, Step by step

Chermoula and Harissa marinated BBQ lamb

Finish the lamb on the barbecue at home and serve with simple salads and great wine.

Mark Stower, Director of Food and Service.

Preparation Time: 2 days

Cooking Time: 90 mins

Serves: 10


  • Step 1

    First, make the Chermoula; in a blender add all the ingredients and blend to a rough paste and season with salt and pepper.

  • Step 2

    Rub half the Chermoula into the outside skin of the lamb. Now make small incisions into the flesh and place slices of fresh garlic deep into the meat. Marinate in the fridge for two days covered in cling film.

  • Step 3

    Place the rest of the Chermoula into an earthenware dish in the fridge.

  • Step 4

    Take the lamb out of the fridge at least 2 hours before cooking - this stops the meat going tough. Roast in the oven for approximately 1½ hours until pink or a temperature above 63°C is achieved (use a thermometer to test). If you use shoulder of lamb roast at 120°C for 3 hours to slow roast and it will be lovely and tender. Also, shoulder is a little cheaper to buy.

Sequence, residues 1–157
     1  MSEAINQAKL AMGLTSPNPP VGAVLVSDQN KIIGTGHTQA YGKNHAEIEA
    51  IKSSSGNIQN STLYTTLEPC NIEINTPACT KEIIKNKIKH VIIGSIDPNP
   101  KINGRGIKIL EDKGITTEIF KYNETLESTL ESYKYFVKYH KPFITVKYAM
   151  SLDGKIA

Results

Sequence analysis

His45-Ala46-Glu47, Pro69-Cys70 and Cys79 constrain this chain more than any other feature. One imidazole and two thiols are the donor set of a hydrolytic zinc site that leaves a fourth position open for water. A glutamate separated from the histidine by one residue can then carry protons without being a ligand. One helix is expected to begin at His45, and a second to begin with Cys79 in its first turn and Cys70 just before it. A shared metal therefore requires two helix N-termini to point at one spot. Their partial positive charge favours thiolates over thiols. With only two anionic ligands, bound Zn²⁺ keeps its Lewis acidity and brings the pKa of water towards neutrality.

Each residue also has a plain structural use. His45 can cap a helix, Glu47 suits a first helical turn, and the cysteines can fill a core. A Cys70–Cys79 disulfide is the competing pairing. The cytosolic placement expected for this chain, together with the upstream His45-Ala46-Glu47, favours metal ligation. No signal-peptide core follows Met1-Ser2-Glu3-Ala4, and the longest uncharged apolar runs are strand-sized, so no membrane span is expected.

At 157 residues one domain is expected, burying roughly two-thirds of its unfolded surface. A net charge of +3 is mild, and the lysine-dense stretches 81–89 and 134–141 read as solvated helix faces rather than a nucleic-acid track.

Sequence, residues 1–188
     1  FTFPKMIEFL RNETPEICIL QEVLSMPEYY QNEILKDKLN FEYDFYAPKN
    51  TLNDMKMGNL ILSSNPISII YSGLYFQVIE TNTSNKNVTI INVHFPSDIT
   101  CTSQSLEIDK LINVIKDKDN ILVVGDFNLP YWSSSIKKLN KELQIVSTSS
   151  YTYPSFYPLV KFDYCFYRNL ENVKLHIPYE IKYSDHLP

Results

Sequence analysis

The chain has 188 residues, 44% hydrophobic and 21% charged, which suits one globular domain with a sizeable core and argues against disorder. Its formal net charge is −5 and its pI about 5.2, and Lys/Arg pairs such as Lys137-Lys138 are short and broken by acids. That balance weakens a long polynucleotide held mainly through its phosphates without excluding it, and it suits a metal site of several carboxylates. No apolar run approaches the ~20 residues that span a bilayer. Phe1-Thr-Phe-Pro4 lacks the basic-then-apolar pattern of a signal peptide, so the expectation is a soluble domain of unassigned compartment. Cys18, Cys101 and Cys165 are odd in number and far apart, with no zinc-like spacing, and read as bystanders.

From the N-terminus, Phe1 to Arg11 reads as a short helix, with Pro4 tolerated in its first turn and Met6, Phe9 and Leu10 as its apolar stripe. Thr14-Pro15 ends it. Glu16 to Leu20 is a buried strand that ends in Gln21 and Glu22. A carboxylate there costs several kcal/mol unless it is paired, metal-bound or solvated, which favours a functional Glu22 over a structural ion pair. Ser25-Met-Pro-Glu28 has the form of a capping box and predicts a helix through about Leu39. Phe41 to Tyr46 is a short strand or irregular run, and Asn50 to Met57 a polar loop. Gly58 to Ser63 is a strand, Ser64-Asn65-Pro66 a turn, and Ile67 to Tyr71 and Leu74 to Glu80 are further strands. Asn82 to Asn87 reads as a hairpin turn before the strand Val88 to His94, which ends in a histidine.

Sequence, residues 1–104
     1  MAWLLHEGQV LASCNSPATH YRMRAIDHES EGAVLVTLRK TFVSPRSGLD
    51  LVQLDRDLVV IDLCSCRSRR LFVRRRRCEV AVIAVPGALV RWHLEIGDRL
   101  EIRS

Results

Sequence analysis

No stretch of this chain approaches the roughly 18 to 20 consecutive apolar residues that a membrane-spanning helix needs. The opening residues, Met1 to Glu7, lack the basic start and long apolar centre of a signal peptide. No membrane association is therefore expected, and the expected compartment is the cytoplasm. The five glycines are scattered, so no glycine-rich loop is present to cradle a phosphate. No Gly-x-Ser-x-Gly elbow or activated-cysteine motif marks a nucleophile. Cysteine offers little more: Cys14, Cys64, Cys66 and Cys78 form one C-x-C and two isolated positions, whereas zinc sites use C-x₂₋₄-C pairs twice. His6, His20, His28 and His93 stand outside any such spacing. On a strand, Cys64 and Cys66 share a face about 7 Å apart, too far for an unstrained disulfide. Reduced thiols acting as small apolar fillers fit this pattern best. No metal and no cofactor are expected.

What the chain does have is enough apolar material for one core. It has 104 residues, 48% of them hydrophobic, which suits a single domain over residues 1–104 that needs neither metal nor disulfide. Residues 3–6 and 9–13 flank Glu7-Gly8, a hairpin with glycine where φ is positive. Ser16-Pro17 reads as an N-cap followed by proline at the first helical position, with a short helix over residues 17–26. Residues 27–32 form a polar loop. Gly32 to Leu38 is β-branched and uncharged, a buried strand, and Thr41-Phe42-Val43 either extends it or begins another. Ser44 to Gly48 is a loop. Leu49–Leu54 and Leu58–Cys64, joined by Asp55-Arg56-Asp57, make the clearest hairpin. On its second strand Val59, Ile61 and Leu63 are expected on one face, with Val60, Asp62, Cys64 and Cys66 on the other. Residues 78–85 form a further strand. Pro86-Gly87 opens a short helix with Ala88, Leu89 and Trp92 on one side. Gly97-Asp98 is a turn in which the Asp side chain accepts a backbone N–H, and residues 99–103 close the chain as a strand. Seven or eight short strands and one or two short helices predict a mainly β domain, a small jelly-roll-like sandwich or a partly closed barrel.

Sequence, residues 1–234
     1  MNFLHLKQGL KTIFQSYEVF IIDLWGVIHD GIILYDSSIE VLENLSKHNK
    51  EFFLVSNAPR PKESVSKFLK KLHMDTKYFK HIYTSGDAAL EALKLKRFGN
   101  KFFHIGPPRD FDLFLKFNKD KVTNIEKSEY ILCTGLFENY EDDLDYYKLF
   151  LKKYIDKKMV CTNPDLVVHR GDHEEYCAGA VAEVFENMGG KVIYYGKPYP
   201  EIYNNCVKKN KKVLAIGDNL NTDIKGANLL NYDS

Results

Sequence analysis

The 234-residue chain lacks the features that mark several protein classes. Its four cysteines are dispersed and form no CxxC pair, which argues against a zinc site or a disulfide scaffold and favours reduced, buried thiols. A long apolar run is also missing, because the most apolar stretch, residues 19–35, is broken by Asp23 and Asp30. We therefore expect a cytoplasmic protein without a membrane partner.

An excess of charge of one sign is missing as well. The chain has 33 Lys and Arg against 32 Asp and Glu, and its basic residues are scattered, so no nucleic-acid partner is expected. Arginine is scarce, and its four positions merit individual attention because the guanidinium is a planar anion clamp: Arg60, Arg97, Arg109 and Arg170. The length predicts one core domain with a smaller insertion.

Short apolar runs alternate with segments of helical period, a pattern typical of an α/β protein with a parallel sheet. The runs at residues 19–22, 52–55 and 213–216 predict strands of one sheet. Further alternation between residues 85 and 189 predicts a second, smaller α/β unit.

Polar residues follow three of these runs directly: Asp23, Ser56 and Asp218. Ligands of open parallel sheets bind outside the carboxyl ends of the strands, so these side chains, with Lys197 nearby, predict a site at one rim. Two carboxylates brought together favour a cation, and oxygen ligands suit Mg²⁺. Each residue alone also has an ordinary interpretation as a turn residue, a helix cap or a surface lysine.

• Step 5

    When cooked, take the lamb out of the oven and rest for 20 minutes. Place the dish of Chermoula on a large chopping board. Carve some slices off the leg and serve the leg and slices on the chopping board next to the Chermoula.


Mark’s great recipe this month uses both Harissa and Chermoula to create a North African inspired dish.

Harissa originates from Tunisia, but is also used in Algeria, Libya and Morocco. Recipes vary between different regions and individual households. Generally though harrissa paste is made from different types of chilli peppers combined with garlic and spices, including coriander and caraway, all mixed in oil.

Chermoula is the name for a marinade used to flavour meat or fish in Moroccan and Tunisian cookery and again its constituents vary according to region, although garlic and coriander are important ingredients. The Moroccan version includes parsley and this is the one that Mark has used here. Lentils are particularly rich in protein, and also provide lots of fibre, vitamin B1, folate and minerals including zinc and iron.

Both the Harissa and Chermoula use lots of garlic. Garlic has long been associated with good health as well as warding off vampires! Current scientific evidence suggests that garlic may have positive effects on helping fight infection and keeping the arteries healthy but whether this turns out to be the case or not it certainly helps to make this lamb dish tasty!